By Dr. Sami Shubber, founder of Hamourabi Office in Baghdad, Iraq.
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1. The Iraqi Ministry of Oil awarded a contract to BP and China National Petroleum Co. (SINOPEC) in 2009 for the development of the Rumaila oilfield. A lawsuit has been filed before the Iraqi Supreme Court by a former Iraq MP alleging that the BP contract violated the Iraqi Constitution of 2005. The legal bases for this allegation are not available to us.
2. The Iraqi Ministry of Oil has replied to the said allegation to the effect that: (1) the constitutional requirement for the approval of the Council of Representatives (the Iraqi Parliament) only applies to international treaties and agreements between the State of Iraq and other States, so commercial contracts between the Regional Oil Company (ROC) and the International Oil Companies (IOCs) do not need such approval; and (2) the Technical Service Contracts (TSC) were awarded under the proposed Hydrocarbons Law, although this has not yet been approved by the Council of Representatives.
3. The arguments of the parties to the case have to be examined against the background of the Iraqi Constitution. The first point to be made is that the Iraqi Constitution provides for the separation of powers of the federal authorities, namely, the executive, legislative and the judicial authorities (Article 47 of the Constitution). Each authority exercises its functions and jurisdiction on the basis of the separation of powers. Accordingly, each one of these authorities is fully entitled to function according to the jurisdiction granted to it by the Constitution, and independently of the other authorities. The second point is that there are certain executive actions which have to be approved by the legislative authority (the Council of Representatives). These actions are enumerated in Article 61 of the Constitution. They include, inter alia, the ratification of treaties, the appointment of senior judges, ambassadors, and senior army officers.
4. The award of the TSC to BP has to be examined against those constitutional provisions. First, it is a measure taken by part of the executive authority, i.e., the Ministry of Oil, in the exercise of its functions. Therefore, there appears to be no illegal exercise of power by the Ministry, hence no violation of the Constitution appears to have been committed. Secondly, the award of the TSC to BP is not one of the actions of the executive that has to be approved by the Council of Representatives. Such actions are expressly enumerated in Article 61 of the Constitution. Therefore, it would seem clear that such contracts need not be approved by the Council of Representatives. It may be observed that to subject such contracts to the approval of the Council of Representatives could cause a great deal of delay in the approval process, which would prevent the beginning of the commercial operation of the oil company concerned. This state of affairs may not be in the public interest.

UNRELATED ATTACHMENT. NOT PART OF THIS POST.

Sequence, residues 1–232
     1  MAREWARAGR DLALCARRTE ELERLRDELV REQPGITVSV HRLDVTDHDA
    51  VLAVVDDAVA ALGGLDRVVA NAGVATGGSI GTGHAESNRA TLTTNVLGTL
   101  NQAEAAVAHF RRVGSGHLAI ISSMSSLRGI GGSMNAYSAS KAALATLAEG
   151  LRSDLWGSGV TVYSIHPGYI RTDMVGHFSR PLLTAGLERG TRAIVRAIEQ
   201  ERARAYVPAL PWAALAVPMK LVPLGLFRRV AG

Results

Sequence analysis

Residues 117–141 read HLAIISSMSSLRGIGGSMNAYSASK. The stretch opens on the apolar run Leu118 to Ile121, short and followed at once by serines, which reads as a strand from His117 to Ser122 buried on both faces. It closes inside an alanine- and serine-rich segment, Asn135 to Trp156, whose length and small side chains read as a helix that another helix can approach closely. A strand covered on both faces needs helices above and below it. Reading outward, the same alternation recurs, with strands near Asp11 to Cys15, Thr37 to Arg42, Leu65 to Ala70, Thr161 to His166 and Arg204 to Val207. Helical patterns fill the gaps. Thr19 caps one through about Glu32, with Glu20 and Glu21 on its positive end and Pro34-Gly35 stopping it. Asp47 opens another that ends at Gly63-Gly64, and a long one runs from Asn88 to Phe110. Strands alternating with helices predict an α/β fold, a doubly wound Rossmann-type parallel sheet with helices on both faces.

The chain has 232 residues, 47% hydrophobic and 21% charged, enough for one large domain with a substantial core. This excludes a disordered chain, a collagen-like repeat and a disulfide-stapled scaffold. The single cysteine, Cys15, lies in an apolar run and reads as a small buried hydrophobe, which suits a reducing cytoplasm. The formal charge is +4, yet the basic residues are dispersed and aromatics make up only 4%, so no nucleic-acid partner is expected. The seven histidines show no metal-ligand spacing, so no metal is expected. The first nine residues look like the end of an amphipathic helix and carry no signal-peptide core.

5. In the light of the foregoing, it seems reasonable to suggest that the award of the TSC to BP is not illegal and does not seem to violate any provisions of the Constitution. However, it does seem odd that the Ministry of Oil has relied on a non-existent law, the proposed Hydrocarbons Law, from a legal point of view, in support of its case. For the proposed Law does not have any legal effect until it is approved by the Council of Representatives and published in the Iraqi Official Gazette, (Articles 61 and 129 of the Constitution).It is submitted with respect that this argument is not sound in law.
6. It would be fair to say the lawsuit under consideration is probably politically motivated. It does not seem to have legal merits and therefore is likely to be rejected by the Iraqi Supreme Court.
Sami Shubber, Lic.en Droit, Baghdad, LL.M.,London, Ph.D. in International Law, Cambridge, Barrister-at-Law (Gray’s Inn) and Member of the Iraqi Bar, is the founder of Hamourabi Office in Baghdad and Geneva, and was formerly Senior Legal Officer for the World Health Organisatio (WHO). He is the author of several books on International Law, and has teaching experience at the University of Baghdad, the University of Cambridge, and the University of Geneva.
His latest book is entitled ‘The Law of Investment in Iraq’.